Cheap, but not cheap
You and your team of archaeologists are exploring an ancient city when you stumble upon a room that has been locked away for thousands of years. The further you explore, the more mysterious the room becomes. Your goal is to find the ancient artefact before the ruins crumble in on themselves.
Let’s face it – I’m sure everyone probably has a favourite (and not so favourite) theme for the games they choose to play. If I were forced to pick, my favourite theme is probably “something strange or different,” but second on the list is Indiana Jones-style temple adventures. Now I will admit, Headlock Escape Rooms was not a company that I was familiar with, although I gather that’s because they are relatively new. But they had my attention when I heard about The Mystic Ruins, because it sounded like it would be right up my alley.
Headlock Escape Rooms are based in Norwich, but with one unique quirk: Headlock Escape Rooms were designed to come to you instead. However, with the current restrictions in place, the games have instead been moved online to be brought to you virtually, rather than set up in your own home as originally intended. My one experience with portable escape games involved a series of locked crates set up on a table (which we never bothered to review as the game closed before we started blogging). But the Mystic Ruins is a far cry from that experience and had I been unaware of the fact that it was designed to be portable, I would never have known; in fact, our teammates had no idea that this was the case until after we finished the game. The only give away is the bolts that hold the set together, and over a Zoom connection, you can’t easily see those.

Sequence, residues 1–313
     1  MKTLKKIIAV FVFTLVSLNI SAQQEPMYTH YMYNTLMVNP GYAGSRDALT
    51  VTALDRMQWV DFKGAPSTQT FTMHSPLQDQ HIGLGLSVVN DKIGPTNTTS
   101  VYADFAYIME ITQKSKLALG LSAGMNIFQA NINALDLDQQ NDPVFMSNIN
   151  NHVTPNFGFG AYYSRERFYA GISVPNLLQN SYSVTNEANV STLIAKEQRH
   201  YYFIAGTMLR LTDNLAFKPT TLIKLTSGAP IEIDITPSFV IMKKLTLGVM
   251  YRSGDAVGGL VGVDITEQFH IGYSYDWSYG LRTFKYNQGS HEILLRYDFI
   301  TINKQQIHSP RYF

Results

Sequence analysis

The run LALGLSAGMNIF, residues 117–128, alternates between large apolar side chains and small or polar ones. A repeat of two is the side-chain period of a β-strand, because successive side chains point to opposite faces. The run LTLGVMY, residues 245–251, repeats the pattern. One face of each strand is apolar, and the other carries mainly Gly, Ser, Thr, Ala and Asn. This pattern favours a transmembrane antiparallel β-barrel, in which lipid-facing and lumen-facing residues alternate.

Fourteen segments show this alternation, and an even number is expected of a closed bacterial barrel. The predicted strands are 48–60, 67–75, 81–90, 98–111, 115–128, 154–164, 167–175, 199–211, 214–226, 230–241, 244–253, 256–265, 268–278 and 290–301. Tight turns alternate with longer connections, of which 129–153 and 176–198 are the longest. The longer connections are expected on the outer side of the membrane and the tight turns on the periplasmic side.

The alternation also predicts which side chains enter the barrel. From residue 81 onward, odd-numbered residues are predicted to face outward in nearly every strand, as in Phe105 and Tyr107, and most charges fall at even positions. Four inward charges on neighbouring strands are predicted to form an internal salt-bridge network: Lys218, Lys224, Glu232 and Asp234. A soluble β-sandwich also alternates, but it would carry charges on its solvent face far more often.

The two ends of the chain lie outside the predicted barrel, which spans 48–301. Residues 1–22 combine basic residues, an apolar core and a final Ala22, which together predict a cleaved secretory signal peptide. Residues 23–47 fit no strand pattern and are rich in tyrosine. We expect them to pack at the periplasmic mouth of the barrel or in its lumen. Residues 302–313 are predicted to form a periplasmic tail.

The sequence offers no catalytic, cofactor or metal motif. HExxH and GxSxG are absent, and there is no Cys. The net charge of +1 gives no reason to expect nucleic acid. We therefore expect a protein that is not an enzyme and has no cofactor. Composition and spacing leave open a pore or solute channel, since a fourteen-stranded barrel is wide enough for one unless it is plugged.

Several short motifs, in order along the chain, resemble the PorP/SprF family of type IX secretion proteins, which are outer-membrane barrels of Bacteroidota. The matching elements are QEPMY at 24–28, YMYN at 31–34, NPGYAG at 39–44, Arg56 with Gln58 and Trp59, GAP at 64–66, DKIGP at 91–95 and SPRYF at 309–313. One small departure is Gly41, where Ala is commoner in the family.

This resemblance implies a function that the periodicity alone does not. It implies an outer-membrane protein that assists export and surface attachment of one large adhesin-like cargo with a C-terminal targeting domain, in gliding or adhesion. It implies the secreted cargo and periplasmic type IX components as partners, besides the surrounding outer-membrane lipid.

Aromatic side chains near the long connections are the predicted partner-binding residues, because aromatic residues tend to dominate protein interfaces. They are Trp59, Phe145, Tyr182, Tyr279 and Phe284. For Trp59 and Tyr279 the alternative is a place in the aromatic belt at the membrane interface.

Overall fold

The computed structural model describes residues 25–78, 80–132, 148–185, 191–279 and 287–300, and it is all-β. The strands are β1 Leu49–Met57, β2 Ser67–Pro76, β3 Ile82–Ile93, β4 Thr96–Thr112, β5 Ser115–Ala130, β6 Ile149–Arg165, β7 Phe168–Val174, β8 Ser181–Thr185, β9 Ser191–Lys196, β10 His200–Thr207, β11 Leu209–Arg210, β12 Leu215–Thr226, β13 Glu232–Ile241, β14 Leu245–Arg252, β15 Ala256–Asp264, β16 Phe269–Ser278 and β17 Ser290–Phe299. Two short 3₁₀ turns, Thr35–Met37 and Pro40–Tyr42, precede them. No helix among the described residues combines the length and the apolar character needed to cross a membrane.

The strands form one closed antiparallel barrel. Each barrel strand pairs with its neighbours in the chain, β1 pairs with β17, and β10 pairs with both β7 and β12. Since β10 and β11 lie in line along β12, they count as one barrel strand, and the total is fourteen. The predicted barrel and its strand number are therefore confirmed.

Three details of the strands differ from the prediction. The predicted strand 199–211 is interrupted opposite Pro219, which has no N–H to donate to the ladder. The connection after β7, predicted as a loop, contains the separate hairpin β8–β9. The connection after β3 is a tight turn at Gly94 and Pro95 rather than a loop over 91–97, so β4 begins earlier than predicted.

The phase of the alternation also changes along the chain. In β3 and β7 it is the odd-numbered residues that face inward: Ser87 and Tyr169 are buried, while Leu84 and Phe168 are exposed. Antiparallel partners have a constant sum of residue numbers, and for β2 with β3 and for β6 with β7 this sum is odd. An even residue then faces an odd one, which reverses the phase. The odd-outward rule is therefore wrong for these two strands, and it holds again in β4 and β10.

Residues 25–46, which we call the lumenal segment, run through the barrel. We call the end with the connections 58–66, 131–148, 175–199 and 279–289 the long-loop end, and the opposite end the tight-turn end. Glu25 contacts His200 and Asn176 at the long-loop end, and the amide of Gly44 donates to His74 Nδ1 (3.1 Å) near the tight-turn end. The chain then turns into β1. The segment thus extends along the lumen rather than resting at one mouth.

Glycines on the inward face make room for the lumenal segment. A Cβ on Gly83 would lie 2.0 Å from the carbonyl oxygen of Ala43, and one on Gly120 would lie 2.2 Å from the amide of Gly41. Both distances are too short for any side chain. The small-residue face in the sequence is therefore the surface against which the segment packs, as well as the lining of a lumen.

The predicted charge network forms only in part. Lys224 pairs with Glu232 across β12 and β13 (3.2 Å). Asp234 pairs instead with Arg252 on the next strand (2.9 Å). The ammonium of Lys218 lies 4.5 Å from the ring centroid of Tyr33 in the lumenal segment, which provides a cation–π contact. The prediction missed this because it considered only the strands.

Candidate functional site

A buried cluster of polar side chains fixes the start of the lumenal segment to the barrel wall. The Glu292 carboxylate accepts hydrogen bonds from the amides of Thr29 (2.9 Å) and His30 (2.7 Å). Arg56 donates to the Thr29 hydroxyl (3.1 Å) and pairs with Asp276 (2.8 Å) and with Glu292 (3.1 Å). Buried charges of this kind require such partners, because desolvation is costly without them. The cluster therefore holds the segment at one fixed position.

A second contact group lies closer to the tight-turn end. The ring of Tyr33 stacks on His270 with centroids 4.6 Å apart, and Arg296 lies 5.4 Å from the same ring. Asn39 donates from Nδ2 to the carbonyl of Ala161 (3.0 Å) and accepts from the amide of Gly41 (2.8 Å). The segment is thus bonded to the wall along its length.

The Mystic Ruins begins without much preamble. With the team fully assembled on Zoom, we were introduced to our intrepid archaeologist, “Professor William Puttz”, and quickly received some information on why we were there. As you’ve probably gathered from the tag, The Mystic Ruins is an online avatar experience. In other words, it’s an escape room played virtually with the assistance of a live host who is physically in the space to act as your eyes, ears, and hands. Of course, being portable, the space is relatively small, as it was originally intended to be able to be taken and set up anywhere in the country, including someone’s living room. But the small set comes across beautifully on camera, and the lack of sprawling space is an asset to the online style of play, particularly as Headlock have chosen to skip using any form of inventory or adding a 360 view. This choice was an excellent one, as it ensures that players are fully invested in what is happening in the game, rather than trying to make sense of an inventory system. The lack of inventory does mean that the game feels very linear, however, this in no way detracts from the experience thanks to the multifaceted puzzles that provide opportunities for the entire team to work together. And in the instances where you might want to try to divide and conquer, snapping a quick reference photo is encouraged and works just as well as any inventory system we’ve come across.